Marks out of 10: 6


Andrew Robertson

For all the hype surrounding the young left backs delivery from wide areas, there was a remarkable lack of success from it. While he is seen as having a good cross from his left foot, there were far too many crosses that were poorly delivered during the course of the season. That is why the incoming players in January made such a difference, as they did deliver some quality. Defensively Robertson is not the best, leaving gaps behind him far too often.

Marks out of 10: 4


Josh Tymon

The young left back only made a handful of appearances, not really standing out, despite him having attracted the attention of the scout's from big clubs in the youth ranks.

Marks out of 10: 3


Omar Elabdellaoui

Elabdellaoui was another of the recruits made in January in an attempt to rescue the Tigers, the former Manchester City youngster was recruited on loan-to-buy from Olympiacos. Unfortunately, he only managed a few games before injury finished his season.

Marks out of 10: 1.5


Tom Huddlestone

Huddlestone was a big part of Hull's early success but then his season, like the team's, faded out as his lack of mobility was exploited by the opposition. With little protection to help him out, he was constantly exposed under Phelan. It was a tough season for him, trying to use intelligence to get himself in the right place to snuff out attacks, but often being overrun and unable to cope. A late season red card cost him his starting place in the relegation battle.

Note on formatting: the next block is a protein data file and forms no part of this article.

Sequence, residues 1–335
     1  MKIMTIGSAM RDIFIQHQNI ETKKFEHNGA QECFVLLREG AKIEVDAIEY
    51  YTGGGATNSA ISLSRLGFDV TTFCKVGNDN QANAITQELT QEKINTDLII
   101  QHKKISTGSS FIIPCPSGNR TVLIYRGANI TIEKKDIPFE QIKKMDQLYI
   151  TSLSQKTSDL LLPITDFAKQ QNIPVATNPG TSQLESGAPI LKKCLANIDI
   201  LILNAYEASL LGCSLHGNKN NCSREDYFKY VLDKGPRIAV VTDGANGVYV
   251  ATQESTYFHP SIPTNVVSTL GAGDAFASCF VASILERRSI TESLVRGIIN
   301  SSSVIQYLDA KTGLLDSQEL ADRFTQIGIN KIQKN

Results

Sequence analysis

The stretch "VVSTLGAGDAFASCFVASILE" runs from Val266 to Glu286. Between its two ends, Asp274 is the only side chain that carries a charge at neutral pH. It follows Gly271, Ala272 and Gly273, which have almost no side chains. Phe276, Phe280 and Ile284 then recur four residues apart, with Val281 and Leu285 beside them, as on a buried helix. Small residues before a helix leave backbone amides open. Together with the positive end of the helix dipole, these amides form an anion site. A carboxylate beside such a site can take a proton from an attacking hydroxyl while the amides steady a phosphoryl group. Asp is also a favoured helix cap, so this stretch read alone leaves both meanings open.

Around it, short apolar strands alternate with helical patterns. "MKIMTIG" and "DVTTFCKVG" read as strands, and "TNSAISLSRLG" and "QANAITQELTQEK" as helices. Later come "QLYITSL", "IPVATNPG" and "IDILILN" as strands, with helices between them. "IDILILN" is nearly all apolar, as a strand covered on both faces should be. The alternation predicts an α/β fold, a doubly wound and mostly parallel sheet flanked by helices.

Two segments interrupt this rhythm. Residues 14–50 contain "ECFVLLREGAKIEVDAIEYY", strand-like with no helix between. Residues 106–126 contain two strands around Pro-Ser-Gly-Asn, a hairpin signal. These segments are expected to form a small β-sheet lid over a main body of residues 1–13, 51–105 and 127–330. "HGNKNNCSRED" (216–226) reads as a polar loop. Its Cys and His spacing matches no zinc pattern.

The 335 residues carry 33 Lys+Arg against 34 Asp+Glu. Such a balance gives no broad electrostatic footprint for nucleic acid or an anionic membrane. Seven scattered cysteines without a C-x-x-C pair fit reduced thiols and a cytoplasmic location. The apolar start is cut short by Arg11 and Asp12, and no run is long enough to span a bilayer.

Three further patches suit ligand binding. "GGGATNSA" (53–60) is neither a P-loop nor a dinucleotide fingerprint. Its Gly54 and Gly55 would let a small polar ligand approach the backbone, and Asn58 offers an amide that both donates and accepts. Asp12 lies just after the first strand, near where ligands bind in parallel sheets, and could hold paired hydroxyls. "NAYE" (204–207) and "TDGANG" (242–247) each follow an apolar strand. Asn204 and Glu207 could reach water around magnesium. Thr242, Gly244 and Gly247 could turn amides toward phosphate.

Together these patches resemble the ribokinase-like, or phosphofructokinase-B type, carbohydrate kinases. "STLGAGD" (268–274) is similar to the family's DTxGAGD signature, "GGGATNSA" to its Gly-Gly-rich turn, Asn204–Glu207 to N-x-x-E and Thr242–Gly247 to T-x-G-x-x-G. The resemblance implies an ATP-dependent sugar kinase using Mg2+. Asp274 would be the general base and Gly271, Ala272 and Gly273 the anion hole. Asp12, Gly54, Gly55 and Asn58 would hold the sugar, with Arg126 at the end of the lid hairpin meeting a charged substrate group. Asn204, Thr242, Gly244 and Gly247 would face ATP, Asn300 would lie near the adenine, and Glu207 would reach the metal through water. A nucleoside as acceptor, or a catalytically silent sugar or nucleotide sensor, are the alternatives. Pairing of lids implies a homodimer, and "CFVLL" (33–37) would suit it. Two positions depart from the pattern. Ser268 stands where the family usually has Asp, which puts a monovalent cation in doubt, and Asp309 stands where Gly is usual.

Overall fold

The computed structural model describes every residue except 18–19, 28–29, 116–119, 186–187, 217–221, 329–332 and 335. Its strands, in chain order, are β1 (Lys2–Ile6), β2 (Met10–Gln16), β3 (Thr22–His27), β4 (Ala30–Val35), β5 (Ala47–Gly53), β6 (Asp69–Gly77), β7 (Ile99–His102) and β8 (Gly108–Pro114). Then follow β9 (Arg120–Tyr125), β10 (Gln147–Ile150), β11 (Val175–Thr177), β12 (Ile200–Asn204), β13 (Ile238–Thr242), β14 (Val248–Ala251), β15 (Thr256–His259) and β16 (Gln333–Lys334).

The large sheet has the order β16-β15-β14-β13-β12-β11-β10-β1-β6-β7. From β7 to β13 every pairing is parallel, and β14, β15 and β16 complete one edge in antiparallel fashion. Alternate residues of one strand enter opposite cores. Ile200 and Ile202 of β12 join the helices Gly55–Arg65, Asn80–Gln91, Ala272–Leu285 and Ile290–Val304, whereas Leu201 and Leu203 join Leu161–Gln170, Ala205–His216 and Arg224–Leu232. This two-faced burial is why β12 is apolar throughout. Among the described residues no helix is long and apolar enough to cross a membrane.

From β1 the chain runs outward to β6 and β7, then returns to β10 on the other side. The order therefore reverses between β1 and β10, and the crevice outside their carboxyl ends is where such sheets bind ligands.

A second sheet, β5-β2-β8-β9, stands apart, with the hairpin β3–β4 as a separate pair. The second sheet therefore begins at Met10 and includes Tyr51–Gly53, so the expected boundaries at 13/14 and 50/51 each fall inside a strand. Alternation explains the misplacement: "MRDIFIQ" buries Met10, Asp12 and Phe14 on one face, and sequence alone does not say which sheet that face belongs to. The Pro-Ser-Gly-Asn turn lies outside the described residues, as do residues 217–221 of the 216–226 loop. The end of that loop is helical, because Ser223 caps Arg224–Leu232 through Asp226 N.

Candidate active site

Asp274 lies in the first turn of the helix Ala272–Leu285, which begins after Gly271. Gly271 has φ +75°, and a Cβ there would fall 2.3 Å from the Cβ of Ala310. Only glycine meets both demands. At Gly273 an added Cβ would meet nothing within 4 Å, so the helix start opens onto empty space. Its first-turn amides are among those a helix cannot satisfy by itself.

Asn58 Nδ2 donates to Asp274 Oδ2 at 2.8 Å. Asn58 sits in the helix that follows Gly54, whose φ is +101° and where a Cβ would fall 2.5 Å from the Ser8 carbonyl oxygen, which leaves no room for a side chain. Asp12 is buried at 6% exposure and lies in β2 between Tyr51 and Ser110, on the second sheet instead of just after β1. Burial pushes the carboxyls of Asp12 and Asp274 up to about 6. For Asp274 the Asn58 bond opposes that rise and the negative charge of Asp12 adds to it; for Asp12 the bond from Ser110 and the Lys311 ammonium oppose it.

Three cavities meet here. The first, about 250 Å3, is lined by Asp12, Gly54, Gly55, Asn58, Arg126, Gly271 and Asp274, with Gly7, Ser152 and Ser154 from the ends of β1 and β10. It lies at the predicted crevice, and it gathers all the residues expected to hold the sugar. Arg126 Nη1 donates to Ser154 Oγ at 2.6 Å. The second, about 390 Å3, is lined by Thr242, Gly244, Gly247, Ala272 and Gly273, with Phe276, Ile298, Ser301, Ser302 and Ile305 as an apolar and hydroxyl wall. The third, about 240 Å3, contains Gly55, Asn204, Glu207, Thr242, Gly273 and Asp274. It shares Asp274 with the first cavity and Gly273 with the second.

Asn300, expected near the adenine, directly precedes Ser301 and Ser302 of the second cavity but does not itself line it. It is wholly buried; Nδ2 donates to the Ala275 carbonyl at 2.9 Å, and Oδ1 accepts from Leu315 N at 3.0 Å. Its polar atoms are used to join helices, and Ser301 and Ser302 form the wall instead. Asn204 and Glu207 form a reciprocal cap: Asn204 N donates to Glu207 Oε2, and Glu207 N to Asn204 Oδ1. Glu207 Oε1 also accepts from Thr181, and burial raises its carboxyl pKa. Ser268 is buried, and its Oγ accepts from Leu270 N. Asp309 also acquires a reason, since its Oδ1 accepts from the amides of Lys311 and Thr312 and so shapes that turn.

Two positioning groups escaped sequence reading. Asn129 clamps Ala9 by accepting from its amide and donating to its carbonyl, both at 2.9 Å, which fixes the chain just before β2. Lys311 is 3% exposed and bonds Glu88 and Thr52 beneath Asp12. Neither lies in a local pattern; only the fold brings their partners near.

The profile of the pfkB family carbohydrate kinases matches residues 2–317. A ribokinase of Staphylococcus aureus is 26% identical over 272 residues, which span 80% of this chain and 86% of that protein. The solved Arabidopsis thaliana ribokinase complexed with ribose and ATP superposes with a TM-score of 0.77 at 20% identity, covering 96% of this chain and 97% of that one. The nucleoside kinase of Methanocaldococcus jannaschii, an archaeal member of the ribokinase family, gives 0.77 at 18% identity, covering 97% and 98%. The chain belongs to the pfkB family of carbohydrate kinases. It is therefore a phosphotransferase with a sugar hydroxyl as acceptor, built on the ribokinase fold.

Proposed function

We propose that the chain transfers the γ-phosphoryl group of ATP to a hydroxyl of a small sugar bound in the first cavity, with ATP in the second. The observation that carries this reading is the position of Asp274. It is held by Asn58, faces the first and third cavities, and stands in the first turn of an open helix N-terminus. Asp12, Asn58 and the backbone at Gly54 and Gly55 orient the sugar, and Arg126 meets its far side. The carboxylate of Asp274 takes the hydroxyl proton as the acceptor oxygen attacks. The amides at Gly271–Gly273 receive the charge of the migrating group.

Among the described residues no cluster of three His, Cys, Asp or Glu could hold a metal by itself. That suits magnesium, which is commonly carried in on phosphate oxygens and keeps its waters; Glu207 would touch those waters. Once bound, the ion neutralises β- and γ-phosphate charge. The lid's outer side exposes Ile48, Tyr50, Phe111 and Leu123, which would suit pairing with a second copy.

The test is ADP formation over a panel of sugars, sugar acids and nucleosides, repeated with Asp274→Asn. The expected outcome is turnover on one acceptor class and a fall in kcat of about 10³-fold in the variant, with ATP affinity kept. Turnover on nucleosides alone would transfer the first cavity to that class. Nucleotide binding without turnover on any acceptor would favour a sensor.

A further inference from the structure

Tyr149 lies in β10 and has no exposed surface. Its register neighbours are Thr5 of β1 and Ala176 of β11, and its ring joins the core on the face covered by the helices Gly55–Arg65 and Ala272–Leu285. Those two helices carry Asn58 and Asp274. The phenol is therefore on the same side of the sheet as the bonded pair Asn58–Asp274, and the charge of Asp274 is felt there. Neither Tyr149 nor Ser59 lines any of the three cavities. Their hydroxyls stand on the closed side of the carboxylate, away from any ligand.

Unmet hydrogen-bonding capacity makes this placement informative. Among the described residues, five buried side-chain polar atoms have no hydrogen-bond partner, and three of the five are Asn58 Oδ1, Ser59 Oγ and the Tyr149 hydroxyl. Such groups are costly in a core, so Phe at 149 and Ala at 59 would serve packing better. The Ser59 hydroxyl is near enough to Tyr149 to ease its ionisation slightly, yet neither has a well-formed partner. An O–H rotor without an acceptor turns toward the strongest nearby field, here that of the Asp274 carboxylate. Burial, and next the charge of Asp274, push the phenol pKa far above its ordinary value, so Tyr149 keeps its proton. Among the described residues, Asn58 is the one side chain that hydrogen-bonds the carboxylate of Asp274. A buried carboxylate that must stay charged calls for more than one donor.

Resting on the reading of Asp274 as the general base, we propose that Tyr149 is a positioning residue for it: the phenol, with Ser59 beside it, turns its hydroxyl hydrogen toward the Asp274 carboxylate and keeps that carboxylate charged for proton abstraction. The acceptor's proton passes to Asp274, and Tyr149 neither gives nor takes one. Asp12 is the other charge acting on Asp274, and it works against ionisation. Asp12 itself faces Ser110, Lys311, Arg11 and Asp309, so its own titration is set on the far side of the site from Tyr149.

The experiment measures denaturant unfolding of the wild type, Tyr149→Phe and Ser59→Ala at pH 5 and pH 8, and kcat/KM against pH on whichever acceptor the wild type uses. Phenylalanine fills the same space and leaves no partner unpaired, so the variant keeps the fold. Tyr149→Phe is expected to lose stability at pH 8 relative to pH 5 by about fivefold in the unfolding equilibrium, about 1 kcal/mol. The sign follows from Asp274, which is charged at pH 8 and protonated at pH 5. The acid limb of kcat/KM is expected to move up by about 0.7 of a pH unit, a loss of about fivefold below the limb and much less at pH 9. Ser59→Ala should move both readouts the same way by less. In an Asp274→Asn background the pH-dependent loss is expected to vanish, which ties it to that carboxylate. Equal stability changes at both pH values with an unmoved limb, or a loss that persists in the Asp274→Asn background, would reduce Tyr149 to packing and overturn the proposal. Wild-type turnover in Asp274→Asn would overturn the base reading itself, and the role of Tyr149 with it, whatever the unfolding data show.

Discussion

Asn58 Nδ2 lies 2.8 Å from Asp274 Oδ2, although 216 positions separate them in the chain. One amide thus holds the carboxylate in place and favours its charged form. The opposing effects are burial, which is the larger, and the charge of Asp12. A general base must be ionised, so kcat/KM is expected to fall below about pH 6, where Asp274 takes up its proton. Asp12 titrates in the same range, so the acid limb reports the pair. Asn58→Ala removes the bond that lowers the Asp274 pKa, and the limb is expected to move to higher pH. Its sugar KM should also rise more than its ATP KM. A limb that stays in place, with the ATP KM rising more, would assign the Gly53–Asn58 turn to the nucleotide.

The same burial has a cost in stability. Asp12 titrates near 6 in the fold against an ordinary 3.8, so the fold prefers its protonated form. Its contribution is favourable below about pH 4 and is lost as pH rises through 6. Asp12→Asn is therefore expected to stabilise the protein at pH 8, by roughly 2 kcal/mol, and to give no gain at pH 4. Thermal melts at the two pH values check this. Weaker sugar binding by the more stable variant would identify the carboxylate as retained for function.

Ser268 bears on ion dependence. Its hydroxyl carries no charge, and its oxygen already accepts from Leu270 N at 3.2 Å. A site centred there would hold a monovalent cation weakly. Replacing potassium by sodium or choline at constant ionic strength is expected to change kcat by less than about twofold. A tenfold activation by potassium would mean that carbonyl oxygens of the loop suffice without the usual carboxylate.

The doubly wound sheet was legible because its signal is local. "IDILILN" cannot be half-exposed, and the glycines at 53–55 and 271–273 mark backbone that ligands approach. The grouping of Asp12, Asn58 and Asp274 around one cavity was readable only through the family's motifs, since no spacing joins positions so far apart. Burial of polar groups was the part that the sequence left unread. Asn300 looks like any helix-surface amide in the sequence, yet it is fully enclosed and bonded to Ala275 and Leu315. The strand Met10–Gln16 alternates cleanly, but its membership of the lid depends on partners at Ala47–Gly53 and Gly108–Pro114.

Marks out of 10: 3.5


Jake Livermore

Started the season as an emergency centre back, as Hull's squad was stretched extremely thin. The former Tottenham Hotspur man showed well early on in the unfamiliar role, but was found out towards the end of his time there. Moving back into midfield, he played well enough to attract the attention of West Bromwich Albion and he moved there in the January transfer window. While he was one of the better performers in the first half of the season, the midfield as a whole looked so much better in the second half that is difficult to judge his contribution. Livermore's major contribution was to be the emergency centre back in a time of need.

Marks out of 10: 6.5


Robert Snodgrass

Somehow the former Leeds United winger ended up as Hull's top scorer, despite not being a striker and his transfer to West Ham United in the January transfer window! Despite lacking pace and vision, to make the most of his skills, his deadballs are top class, particularly free kicks around the edge of the box. Snodgrass was the creative heart of the Tigers' side, but that was, in part at least, why they struggled so badly. Like Livermore, and despite his goals, Hull looked a better side without him in the team, which is why I have to knock off marks for the season, despite him being club top scorer.

Marks out of 10: 5.5


Alfred N'Diaye

Another emergency January signing, this time on loan, N'Diaye was returning for a second spell in the English leagues, having been at Sunderland a few years ago. After missing the first game following his signing, against Man Utd, the Senegalese midfielder was an ever present in the team that gave such a good account of themselves. While his quality on the ball was not the best, he did provide good energy and got up and down the pitch to help out at both ends. However his lack of genuine quality on the ball cost the team, as the creative influence they needed was missing.